Fusing solicitors and counsel into a single profession will lead to a more promising future for all, argues Julian Young

There seems to be an interesting debate starting on the subject of fusion between the two main legal professions: solicitors and counsel. The Bar and the solicitor advocates are now almost at each others? throats. At long last, and to its credit, the Law Society has decided to set up an organisation, within the Law Society, to support solicitor advocates ? much as the Inns of Court do for counsel. This will ensure the best practices are confirmed and give guidance, support and assistance to solicitor advocates. It is a role that the Bar Council could have undertaken more than ten years ago but they decided it was a step too far.

The Bar Council was invited to assist but was openly critical of solicitor advocates and withdrew from any suggestion of cooperation. Now barristers face real and ever-increasing competition from solicitor advocates. And solicitor advocates will increase in numbers, experience and confidence. So, is this duplication of time, effort and money in training really necessary?

I noted a recent insult from the Bar Standards Board (BSB) towards solicitors, something the Bar Council and the BSB itself never retracted. The Bar seems to see solicitors as being little more than ?superfluous intermediaries?. I suppose that this is the Bar?s attempt to foist direct access to a barrister onto an unsuspecting public.

Direct access for the Bar has far-reaching consequences, for the Bar itself and the public. And it cannot be delivered overnight in any meaningful way that will ensure public confidence. It means that barristers will have to deal with client accounts, contact with witnesses, clients and experts; organising letters and general office admin. This will take time to learn and master; it can also be highly labour intensive and add to the costs of running a practice. It means proper and expensive PII to protect the public. Does the Bar seriously want all of that?

If the Bar really wants direct access, surely they can, or should, become solicitors, pass various examinations about the need for proper accounts, office administration, dealing with the Legal Services Commission, compensation funds, late-night attendance at police stations and so on ? again all for service to and protection of the public. These are issues with which solicitors have dealt for many years and about which solicitors are experienced.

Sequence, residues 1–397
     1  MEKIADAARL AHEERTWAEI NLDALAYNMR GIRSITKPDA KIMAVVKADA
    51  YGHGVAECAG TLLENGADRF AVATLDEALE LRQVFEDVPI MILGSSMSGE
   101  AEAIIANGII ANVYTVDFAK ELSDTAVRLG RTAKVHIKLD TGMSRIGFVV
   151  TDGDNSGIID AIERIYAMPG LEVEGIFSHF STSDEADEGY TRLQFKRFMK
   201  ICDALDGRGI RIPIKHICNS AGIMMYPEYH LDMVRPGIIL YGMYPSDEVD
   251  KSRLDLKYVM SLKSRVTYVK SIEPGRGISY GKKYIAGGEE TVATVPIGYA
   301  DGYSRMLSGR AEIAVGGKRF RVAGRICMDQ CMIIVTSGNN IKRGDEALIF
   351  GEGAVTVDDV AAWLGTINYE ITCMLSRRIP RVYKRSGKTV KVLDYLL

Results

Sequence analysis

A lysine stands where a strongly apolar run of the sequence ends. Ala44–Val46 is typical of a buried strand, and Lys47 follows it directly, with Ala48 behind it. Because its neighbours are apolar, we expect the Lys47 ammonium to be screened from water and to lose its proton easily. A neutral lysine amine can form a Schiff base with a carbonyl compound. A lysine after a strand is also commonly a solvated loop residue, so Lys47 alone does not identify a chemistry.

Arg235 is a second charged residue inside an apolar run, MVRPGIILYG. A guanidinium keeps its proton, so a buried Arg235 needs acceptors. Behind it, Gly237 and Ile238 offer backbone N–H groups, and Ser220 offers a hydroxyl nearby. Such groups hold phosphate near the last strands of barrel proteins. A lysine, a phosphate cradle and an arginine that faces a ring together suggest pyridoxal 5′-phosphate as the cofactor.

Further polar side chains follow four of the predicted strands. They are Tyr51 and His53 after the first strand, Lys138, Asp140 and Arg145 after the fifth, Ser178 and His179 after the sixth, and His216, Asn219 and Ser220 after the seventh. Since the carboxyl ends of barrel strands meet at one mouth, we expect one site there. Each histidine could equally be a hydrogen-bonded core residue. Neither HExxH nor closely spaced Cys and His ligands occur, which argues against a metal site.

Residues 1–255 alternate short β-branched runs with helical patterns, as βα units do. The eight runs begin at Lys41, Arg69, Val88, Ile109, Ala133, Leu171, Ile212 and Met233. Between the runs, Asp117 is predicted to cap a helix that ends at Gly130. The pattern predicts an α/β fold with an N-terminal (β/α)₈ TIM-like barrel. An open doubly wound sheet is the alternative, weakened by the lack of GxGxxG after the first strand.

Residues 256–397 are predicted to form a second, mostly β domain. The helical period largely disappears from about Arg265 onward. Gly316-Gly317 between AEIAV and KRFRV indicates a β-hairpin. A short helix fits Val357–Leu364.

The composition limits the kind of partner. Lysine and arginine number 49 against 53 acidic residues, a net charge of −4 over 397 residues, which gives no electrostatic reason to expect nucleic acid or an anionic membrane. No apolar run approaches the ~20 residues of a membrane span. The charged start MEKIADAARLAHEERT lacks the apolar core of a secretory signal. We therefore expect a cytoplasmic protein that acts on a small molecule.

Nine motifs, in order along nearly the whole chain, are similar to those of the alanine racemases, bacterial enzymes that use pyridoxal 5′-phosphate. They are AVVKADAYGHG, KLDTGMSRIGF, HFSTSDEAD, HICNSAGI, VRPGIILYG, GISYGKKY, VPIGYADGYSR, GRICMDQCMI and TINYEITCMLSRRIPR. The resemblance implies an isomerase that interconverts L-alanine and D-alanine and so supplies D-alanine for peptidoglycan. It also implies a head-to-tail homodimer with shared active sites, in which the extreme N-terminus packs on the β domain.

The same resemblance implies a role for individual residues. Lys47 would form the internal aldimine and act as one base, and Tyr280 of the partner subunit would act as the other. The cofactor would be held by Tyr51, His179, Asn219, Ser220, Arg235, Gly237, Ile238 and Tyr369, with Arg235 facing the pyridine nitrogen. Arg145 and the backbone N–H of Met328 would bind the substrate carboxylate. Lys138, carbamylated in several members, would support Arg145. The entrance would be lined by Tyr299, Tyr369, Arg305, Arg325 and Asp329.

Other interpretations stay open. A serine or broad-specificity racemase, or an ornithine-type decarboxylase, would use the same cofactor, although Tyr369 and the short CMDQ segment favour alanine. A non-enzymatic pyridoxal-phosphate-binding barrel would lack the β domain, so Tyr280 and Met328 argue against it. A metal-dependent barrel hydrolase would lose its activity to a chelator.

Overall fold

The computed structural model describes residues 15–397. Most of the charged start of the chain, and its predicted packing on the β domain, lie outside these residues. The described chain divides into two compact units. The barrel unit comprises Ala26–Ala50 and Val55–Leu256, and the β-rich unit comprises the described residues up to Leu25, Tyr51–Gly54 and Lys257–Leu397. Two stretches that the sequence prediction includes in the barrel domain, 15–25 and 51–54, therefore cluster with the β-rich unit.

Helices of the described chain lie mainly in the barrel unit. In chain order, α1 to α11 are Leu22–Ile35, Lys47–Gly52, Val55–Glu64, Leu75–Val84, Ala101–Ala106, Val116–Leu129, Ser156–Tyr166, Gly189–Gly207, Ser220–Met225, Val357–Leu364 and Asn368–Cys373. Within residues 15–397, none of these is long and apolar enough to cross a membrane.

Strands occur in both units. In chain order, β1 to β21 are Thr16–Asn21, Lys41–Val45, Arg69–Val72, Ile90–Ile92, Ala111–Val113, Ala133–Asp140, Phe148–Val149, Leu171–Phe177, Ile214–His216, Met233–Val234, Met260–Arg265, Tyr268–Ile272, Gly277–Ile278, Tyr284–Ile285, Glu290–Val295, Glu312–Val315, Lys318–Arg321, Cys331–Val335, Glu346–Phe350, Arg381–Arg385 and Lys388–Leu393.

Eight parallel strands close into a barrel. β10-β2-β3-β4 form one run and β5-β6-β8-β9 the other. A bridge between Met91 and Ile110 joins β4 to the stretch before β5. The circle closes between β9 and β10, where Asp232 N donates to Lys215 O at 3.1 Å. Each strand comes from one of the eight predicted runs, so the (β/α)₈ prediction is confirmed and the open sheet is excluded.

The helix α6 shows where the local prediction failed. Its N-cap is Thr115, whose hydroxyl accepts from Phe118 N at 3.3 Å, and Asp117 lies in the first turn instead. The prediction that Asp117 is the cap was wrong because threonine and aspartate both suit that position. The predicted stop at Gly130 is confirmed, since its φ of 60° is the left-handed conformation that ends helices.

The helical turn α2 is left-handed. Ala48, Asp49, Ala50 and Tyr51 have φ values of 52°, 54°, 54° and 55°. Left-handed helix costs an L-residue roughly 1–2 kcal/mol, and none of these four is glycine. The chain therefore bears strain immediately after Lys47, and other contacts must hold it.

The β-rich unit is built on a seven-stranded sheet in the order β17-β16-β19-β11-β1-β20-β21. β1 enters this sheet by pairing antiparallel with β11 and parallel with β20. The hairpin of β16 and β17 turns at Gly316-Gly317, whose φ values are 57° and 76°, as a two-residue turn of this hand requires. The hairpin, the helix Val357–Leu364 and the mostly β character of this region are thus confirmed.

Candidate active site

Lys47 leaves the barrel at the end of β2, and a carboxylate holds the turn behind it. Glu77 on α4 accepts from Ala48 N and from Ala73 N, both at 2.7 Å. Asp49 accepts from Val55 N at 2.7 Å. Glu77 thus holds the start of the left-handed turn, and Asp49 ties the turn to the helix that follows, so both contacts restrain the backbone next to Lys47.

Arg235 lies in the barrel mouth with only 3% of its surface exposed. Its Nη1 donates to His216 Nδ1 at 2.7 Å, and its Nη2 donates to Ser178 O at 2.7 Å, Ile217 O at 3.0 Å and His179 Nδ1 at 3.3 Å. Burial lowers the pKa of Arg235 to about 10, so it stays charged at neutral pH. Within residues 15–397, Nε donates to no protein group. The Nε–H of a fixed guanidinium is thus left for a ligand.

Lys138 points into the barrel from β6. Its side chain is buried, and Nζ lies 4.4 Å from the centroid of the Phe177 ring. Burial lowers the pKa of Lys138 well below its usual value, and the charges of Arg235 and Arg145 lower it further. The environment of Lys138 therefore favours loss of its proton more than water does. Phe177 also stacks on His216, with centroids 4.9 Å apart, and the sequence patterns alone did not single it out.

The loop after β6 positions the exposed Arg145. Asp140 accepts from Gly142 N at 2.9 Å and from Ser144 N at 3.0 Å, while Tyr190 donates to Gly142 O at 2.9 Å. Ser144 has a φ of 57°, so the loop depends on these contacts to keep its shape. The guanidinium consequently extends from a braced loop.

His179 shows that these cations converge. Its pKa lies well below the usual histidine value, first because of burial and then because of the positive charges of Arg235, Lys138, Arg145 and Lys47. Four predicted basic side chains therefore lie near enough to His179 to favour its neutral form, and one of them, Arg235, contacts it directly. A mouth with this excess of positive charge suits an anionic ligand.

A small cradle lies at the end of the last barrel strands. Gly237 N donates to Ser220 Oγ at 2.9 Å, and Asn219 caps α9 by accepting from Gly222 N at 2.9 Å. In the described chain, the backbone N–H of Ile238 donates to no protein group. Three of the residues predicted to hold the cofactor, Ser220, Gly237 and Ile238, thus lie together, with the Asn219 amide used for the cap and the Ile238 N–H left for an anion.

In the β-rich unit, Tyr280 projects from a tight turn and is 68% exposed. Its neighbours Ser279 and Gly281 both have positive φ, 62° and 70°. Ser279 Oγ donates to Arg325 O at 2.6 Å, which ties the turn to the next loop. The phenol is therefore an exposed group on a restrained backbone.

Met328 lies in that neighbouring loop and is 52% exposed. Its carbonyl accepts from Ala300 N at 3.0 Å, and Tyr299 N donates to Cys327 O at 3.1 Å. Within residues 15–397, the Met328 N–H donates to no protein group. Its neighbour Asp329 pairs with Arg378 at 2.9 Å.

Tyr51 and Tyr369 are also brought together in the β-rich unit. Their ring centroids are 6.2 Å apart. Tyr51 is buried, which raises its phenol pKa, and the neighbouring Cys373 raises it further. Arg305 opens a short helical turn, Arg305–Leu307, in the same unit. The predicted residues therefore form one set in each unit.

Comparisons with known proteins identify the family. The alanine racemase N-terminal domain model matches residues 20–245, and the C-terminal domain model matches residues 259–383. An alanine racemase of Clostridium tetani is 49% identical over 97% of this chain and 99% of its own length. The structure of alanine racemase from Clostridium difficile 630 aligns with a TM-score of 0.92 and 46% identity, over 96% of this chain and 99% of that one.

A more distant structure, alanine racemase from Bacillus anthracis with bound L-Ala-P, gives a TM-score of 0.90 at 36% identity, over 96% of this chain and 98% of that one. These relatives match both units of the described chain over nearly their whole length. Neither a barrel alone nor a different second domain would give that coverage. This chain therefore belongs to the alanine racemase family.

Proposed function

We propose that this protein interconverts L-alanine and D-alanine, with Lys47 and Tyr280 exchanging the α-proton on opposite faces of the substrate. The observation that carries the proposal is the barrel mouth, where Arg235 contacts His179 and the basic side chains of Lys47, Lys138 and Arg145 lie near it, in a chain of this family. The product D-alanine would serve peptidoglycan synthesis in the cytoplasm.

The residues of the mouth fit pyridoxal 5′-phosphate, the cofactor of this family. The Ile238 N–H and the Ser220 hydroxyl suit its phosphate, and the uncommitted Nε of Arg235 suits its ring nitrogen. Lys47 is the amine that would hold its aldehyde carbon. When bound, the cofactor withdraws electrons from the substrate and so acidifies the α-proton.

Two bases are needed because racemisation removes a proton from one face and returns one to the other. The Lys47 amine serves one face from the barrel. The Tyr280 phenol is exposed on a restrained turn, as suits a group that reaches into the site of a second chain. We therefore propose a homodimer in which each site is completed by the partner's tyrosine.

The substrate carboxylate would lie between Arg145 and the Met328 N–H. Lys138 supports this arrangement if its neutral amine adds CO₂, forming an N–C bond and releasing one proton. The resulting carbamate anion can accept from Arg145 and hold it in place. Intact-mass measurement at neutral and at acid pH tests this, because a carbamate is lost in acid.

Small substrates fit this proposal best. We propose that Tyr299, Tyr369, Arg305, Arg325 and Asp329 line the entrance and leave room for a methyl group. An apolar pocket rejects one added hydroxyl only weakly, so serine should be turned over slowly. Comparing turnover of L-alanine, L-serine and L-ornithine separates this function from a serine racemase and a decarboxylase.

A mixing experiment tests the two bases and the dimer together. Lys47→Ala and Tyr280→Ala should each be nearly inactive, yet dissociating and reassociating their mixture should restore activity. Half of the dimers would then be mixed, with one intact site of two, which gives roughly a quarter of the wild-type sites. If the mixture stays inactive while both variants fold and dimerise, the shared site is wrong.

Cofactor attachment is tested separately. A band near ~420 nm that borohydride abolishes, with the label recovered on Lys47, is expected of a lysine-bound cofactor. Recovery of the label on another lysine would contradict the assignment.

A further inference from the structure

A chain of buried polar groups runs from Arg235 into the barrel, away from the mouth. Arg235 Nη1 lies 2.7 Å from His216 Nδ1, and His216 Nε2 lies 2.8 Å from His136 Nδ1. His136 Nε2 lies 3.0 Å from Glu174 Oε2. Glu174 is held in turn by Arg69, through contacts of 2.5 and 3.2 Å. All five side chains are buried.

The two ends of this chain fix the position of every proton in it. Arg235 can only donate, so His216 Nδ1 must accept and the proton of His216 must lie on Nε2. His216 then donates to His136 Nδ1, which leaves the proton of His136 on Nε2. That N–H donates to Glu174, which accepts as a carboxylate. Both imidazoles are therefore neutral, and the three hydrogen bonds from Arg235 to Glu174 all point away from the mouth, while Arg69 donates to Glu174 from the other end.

If solicitor advocates and barristers undertake the same work, why not amalgamate the professions in due course? This would save money and improve standards for both types of advocates, if there is indeed a real (rather than perceived) problem with the standards and skills of solicitor advocates. Fusion is not a panacea to the problems but it seems that the future lies in a joint profession. The alternative is an ABS consisting of solicitors and counsel working in partnership, but the day of the ABS has only just arrived and we don?t yet know whether this is viable as a business structure.

Fusion also gives better and fairer chances for young trainee barristers, solicitors and solicitor advocates. Finding a training contract for a solicitor is not easy. Barrister pupillage followed by no tenancy is unfair for young barristers; in fact to find a pupillage is a dream for many ? indeed the majority. So, perhaps it is time to scrap the archaic and obligatory practice of dining in Inns, and spend the time teaching barristers basic legal and office administration to better equip them for life in the modern legal world.

I have bright young pre-pupillage barristers working with (I emphasise that word) me, dealing with criminal, prison law and appeal work, but their basic knowledge of the work practices of an office and of solicitors is woeful. I blame the BSB and the Bar Council for the content of the training courses which seem to perpetuate the myth that proper administration is beneath the dignity of a barrister. Most barristers without pupillage end up working for solicitors in any event; the BSB and Bar Council know this. A pre-pupillage barrister who knows something about administration will fare better when applying to work in the office of a solicitor.

It also seems no time is spent on the Bar training courses discussing, let alone teaching, the subtleties of completing legal aid forms. In criminal work that is vital and in any other area of work where legal aid is available. Perfect advocacy and not completing legal aid forms rightly results in an unhappy solicitor and no money for the barrister.

I feel for those law graduates and others who have been sold the dream of qualification and practice at the Bar (and, to a lesser extent, as a solicitor) and have run up huge debts. It is the responsibility of the Bar Council and Law Society to address this colossal waste of money and energy. They know the realities of the legal world and they are failing to warn, at the earliest stage, of what is happening. Is this merely a pursuit of money by the law schools?

Moving on, nowadays, few qualified lawyers will go into legal aid work; it will be years before the effects of this are fully felt. The public will suffer if the two professions do not get around the table, bury hatchets, stop insulting solicitor advocates and prepare the next generation of the profession(s) for the rigours of the 21st century.

Of course, ending separate professions might see the end of many problems.

Julian Young is senior partner at Julian Young & Co
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